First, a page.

Mystery Machine

I have recently acquired a letterpress printer, unearthed from the basement of a commercial printer in Edinburgh.
Some parts of the machine, notably the rollers, are missing, so I would like to be able to identify the make and model of the machine to be able to search for the missing parts.
The machine has some of the hallmarks of an Adana printer, but it has no serial or identification marks on it at all.
I would be very grateful if there anyone out there who can put a name to it. Photos attached.





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It sure looks like an old adana to me.

What Basil didn’t mention, is that this platen press is twice as big as the 8 x 5 Adana. And, as far as I know, Adanas had always a name, model and often serial number on them.

Unless you got a chase that isn’t pictured, that will probably be the hardest to find. Rollers and roller trucks can be made to fit the press without reference to the originals, and the gripper arms likewise. It looks like it is otherwise in working condition.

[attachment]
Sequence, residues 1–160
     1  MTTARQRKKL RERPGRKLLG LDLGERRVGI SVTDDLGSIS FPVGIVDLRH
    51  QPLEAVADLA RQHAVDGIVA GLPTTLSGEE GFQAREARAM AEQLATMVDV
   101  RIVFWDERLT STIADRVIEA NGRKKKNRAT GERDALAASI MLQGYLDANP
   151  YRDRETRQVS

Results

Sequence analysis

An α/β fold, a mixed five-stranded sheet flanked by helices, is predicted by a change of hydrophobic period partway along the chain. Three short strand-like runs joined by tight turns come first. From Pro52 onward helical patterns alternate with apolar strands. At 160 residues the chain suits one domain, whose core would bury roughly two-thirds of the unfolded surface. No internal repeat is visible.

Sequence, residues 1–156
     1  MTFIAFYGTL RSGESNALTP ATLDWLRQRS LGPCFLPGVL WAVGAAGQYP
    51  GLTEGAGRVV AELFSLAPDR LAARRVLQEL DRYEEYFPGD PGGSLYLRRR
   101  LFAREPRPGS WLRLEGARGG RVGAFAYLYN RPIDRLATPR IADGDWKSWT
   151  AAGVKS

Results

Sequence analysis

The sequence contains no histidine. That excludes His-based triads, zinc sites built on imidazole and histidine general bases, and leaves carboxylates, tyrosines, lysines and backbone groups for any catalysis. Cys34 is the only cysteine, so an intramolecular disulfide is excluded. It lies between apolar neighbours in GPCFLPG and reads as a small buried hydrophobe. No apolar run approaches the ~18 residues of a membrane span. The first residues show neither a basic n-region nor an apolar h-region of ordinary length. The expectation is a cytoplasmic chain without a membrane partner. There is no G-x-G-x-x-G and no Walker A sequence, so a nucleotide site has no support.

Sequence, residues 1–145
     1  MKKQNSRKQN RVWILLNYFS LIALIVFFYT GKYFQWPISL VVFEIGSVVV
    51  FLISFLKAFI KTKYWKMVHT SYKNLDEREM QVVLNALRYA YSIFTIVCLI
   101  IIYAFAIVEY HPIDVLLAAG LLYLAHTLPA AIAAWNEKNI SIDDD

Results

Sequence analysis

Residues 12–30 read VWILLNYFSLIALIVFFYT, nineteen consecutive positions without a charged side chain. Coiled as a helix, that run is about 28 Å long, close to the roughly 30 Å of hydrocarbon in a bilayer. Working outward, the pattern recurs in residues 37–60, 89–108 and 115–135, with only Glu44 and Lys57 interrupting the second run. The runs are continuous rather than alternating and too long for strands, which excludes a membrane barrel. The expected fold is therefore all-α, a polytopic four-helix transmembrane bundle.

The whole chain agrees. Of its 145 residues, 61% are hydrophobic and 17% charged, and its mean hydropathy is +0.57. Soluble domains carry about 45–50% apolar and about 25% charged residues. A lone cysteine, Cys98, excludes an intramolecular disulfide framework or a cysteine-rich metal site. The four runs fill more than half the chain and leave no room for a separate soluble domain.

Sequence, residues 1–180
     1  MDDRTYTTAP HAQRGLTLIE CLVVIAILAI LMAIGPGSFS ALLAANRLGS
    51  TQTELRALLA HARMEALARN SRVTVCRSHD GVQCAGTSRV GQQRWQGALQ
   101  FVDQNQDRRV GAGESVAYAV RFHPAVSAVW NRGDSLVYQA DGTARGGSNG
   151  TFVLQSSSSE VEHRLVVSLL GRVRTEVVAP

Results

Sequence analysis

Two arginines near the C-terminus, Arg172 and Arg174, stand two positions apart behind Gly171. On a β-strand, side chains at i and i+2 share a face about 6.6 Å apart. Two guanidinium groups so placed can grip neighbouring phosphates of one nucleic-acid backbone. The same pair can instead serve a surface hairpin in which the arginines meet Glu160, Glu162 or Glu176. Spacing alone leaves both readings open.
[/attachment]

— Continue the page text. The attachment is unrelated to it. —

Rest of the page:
Thank you very much for these comments.

Following on from Thomas, the machine stands at 60 cm in height, and the roller spindles would need to be 35 cm in length.

Concerning AdLibPress’s comments - it does in fact come with its own chase, which is molded to fit the bed and the chase-holding clips. The chase’s inner dimensions are 27.5 cm by 18.5 cm.

The machine is a pre-war Adana High Speed No. 3 press, launched circa 1937. In some sales literature Adana referred to it as the Quarto Size Adana Automatic High Speed. The advertised chase size was 10” x 7½”. The offset operating handle is the most distinctive feature of this press. Adana made a later copy of the No. 3 from steel pressings and called it the model 3A. Confusingly, they also produced a treadle version of the press (pre-war) from steel pressings, and decided to call their first post-war vertical platen machine by the same name, although it’s a quite different press. Good old Adana.

The post-war press was originally made in cast iron, then the company switched to aluminium alloy, so there are at least 3 or 4 Adana machines which were all called High Speed No. 3 or No. 3 High Speed. Yours is quite definitely the first of the machines, from the late 1930s. Model 3A retailed at £11.7s.6d and an ink duct was available for an extra £3.17s.6d. It was an expensive press.

InkSprite - that’s a wonderfully detailed identification. My press is definitely in cast iron! This will be invaluable in getting rollers for it. Thank you very much indeed.